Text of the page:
Tawny-flanked Prinia | Prinia subflava
The Tawny-flanked Prinia is a Southern African bird that belongs to the Cisticolidae bird family group which includes birds such as African Warblers.
The description for the Tawny-flanked Prinia (Latin name Prinia subflava) can be found in the 7th Edition of the Roberts Birds of Southern Africa. The Prinia subflava can be quickly identified by its unique Roberts identification number of 683 and the detailed description of this bird is on page 842. You will find a picture of the Tawny-flanked Prinia on page 865.
NOTE: The reference for the information following is "Roberts Birds of Southern Africa", 7th Edition*. This edition contained a number of taxonomic changes as well as changes to English names used traditionally and in earlier editions of most bird books in South Africa. The following paragraph notes such changes if any.
There have been no changes in the common name between the Roberts 6th and Roberts 7th Edition. There have been no changes in the Latin name for the Tawny-flanked Prinia between the Roberts 6th and Roberts 7th Edition
The Tawny-flanked Prinia is known in Afrikaans as Bruinsylangstertjie.
The Tawny-flanked Prinia has a height of 15 cms and weighs around 9 gms. The head is coloured grey, brown while the bill is coloured black. The Prinia subflava has a white coloured throat, pink legs and a grey, brown coloured back. The eyes are brown.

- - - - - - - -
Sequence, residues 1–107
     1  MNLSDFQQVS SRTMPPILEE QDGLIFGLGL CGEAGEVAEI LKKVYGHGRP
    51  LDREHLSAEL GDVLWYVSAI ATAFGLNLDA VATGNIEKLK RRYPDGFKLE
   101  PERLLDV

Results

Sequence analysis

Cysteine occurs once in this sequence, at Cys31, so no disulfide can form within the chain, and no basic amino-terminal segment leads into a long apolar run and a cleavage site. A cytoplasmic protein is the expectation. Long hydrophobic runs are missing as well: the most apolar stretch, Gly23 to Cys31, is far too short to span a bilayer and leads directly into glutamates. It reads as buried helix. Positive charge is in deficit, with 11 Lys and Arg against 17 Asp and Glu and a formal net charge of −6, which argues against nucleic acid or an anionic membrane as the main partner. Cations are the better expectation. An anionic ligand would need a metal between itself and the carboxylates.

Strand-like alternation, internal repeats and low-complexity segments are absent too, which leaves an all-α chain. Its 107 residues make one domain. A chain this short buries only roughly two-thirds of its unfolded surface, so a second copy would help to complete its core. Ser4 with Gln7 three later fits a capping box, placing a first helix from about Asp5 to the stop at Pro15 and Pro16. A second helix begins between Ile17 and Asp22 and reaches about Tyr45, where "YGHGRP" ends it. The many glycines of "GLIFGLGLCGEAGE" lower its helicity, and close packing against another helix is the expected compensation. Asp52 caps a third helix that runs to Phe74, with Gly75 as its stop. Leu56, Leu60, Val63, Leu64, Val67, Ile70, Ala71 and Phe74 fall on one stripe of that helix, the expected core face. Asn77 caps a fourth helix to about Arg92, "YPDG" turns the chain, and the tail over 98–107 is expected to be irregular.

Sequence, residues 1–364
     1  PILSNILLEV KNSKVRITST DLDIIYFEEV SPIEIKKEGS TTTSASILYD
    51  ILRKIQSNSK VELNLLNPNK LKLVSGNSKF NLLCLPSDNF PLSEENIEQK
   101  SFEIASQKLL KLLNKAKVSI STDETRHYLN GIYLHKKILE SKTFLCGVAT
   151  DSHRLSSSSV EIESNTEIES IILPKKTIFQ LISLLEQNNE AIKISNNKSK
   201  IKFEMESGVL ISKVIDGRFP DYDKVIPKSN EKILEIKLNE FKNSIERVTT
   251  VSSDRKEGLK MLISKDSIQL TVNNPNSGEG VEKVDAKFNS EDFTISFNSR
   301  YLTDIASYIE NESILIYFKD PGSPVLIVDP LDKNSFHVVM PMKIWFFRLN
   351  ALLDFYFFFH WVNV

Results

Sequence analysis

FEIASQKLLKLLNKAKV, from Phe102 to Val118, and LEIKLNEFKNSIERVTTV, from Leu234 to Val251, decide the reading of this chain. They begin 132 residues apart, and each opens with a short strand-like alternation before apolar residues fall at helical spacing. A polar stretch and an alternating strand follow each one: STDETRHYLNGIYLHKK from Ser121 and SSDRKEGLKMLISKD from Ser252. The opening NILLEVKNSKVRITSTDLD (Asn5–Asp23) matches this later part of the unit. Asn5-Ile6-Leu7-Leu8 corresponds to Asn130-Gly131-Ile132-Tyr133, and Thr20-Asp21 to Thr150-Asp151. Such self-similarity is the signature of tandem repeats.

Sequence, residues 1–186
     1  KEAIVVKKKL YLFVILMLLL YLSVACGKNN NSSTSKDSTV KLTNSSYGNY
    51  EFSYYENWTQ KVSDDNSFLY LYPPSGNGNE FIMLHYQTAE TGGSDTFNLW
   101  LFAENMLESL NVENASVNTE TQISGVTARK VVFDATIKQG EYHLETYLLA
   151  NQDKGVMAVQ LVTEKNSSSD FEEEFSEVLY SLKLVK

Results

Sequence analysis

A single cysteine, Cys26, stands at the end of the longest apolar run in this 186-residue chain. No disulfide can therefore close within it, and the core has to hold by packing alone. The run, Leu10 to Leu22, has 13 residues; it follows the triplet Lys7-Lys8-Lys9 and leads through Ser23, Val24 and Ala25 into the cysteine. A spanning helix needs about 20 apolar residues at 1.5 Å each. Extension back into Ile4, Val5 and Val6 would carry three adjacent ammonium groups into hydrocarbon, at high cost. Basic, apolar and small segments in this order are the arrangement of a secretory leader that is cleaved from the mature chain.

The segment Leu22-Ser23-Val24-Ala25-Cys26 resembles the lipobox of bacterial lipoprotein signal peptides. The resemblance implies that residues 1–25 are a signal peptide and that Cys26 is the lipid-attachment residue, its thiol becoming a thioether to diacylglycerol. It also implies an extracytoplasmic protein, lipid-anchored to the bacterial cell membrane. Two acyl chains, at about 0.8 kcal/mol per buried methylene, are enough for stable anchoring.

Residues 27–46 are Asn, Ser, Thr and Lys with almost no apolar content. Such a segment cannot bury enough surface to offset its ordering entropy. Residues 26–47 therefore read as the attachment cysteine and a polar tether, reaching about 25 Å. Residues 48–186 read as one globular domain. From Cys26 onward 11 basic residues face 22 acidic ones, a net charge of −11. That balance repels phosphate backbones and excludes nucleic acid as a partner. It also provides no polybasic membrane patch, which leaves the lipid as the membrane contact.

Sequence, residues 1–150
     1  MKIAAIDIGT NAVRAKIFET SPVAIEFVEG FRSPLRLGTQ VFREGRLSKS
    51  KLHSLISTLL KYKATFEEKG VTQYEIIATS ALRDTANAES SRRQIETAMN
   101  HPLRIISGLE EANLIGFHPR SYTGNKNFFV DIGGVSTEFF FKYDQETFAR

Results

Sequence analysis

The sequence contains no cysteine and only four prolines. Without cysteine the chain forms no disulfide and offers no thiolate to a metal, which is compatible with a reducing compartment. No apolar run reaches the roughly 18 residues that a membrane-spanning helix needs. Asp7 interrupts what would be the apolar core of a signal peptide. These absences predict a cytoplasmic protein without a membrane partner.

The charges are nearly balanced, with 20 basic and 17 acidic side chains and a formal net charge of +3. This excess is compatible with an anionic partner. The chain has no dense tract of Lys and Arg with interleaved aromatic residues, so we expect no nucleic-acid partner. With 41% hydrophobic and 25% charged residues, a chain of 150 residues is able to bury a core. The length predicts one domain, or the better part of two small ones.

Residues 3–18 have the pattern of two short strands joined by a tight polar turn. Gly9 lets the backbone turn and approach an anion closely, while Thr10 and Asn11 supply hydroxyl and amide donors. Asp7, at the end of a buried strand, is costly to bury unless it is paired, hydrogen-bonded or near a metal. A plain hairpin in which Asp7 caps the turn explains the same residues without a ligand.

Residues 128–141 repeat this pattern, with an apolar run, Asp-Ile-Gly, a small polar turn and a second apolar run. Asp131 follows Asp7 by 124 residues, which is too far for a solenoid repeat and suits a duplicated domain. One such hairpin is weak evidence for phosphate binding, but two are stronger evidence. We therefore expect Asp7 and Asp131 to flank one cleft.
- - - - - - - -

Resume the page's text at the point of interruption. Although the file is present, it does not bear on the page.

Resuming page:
Take note of the bird's main distinguishing features such as colour, size and leg length relative to the body size of the bird. Colours of a bird's body parts can be helpful. Be aware what may appear brown to one person is described in Roberts Birds using some other word ... for example brown, black. See colours used in Roberts.
Head is grey, brown
Eyes are brown
Bill is black
Legs are pink
Throat is white
Back is grey, brown
Feeding Habits ...
This bird forages for food on the ground
The Tawny-flanked Prinia is usually seen hunting for food within the tree foliage
This bird eats insects such as butterflies, bees, wasps, locusts and ants. These invertebrates are usually hawked aerially, killed and then eaten .
The Prinia subflava forages mainly on the ground or at the base of trees, and low down in the shrubs eating mostly fruits and seeds.
The bird also drinks nectar from flowers high up in the tree canopy.
Breeding, Habitat and Nesting Habits ...
The Tawny-flanked Prinia is a monogamous bird which means that the bird finds and breeds with one partner for the rest of its life. The bird lays between 2 to 5 eggs and they are coloured cream.
The nest is built high up in the tree canopy and is protected from predators by branches and the dense green foligae.
The Tawny-flanked Prinia is mainly found in light and densely wooded forests, where there are Mopane trees.
The bird is mainly found in the Savanna grasslands where it breeds and feeds.
The bird is at home in riverine forests and close to water bodies such as lakes, dams and streams
This bird is very common in most of the Southern African Forests
The bird is an urban dweller as well, being at home in parks, gardens and in old vacated buildings
Seen in Flocks, Singles or Pairs Normally ...
The Tawny-flanked Prinia is mainly seen singly or in pairs in the wild.
It is also seen in flocks
The reference for the information following is "Roberts Birds of Southern Africa", 7th Edition * edited by PAR Hockey, WRJ Dean and PG Ryan, published by "The Trustees of the John Voelcker Bird Book Fund."
copyright: Tony Roocroft +27-11-454-0105
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